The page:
Nico is not the name listed on my birth certificate. Differentiated by just two letters, Nicole is the first name I was given. It was one of the most popular names of 1983, and when I entered kindergarten, there were five other Nicoles in my class. Always needing to be different, I experimented with variations and nicknames—Niki, Nic, Pinky—but I never felt that I’d gotten it just right.

When I went away to college I wanted to reinvent myself. I spent a long time thinking about what kind of clothes I would wear and how I would style my hair. It occurred to me that I could change my name to anything. I could be Jasmine or Tigerlily. I could be anyone, because nobody knew me. I tried introducing myself this way at parties, but I felt stupid and inauthentic.

During the summer after my first year of college, I was reading the book Please Kill Me: The Uncensored Oral History of Punk by Legs McNeil and Gillian McCain. The history of 70s punk features the story of Nico, the German model and singer who Andy Warhol more or less forced into the Velvet Underground for one great album. (Incidentally, Nico wasn’t her real name either. That Nico was named Christa.)   

Seeing her name in print, I thought, “That’s so close to my name. I could just drop off the L and the E, and I could be Nico.” It wasn’t such a stretch. If my name were Christopher, no one would cry foul if I said my name was Chris. It wasn’t as far-fetched as calling myself Stardust. It was a fairly realistic idea.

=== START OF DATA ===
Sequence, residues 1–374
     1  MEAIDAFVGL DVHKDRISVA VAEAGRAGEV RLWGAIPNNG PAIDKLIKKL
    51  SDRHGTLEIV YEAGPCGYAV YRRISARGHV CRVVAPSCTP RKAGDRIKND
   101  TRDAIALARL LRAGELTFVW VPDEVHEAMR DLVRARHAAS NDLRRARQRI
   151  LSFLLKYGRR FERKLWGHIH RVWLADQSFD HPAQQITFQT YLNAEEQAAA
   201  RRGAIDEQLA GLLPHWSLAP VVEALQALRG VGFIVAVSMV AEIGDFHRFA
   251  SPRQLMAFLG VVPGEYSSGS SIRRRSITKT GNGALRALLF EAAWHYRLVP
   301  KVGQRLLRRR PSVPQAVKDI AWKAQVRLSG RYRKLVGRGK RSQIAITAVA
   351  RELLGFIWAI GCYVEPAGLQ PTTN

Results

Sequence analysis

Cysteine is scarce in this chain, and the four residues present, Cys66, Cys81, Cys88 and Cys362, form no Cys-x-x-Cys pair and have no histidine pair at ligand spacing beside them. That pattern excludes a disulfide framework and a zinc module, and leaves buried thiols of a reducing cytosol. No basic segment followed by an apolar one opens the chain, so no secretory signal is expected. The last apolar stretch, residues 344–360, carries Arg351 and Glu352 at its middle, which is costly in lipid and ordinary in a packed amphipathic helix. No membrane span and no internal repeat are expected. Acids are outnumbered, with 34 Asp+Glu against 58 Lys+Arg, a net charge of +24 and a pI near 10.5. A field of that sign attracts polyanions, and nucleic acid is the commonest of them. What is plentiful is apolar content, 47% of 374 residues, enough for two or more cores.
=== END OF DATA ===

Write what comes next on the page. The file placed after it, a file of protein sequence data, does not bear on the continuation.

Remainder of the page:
Soon after I returned to school in the fall, I would join a student environmentalist group and meet the group of friends that I would romp with for many years (all of whom I still love, and several of whom are still close friends). I would introduce myself to these friends as Nico. They never questioned it. It has been my name ever since.


My daughter’s name is Lydia, but Lila (lee-lah) is the name she chose for herself. When she was small and we asked her name, Lila is what she would say. In a family that respects chosen names, it held on. We call her Lila most all the time, unless she’s being scolded.

I recently discovered that the word Lila in Sanskrit means “divine play.” In the Hindu faith, all of reality and all of the cosmos were created by the playfulness of the divine. In our most playful, sometimes we are the most serious. At out most joyous, sometimes we are the most devout. This is my Lila in a nutshell: both serious and goofball, both focused and free.

It’s a bit silly anyway, naming someone before you know who they are. As she grows, I want her to know she has the space to tell me who she is, not the other way around. Perhaps she will prefer different pronouns. Perhaps she will take an entirely new name.

It is likely that one day she’ll no longer be Lila, and of course we’ll roll with that. I’m sure she will wear many costumes and titles on the long quest for who she wants to be. I’m just excited to be along for the ride, I’m hopeful that she’ll feel comfortable sharing her truth with me, and I’m curious to meet every stage of her along the way.

My own personality changes don’t happen as rapidly anymore, but I wouldn’t call myself static. I’m still wondering, I’m still growing, I’m still brainstorming about who I want to be. I’m pretty sure Nico is here to stay, though. Sometimes a name just fits.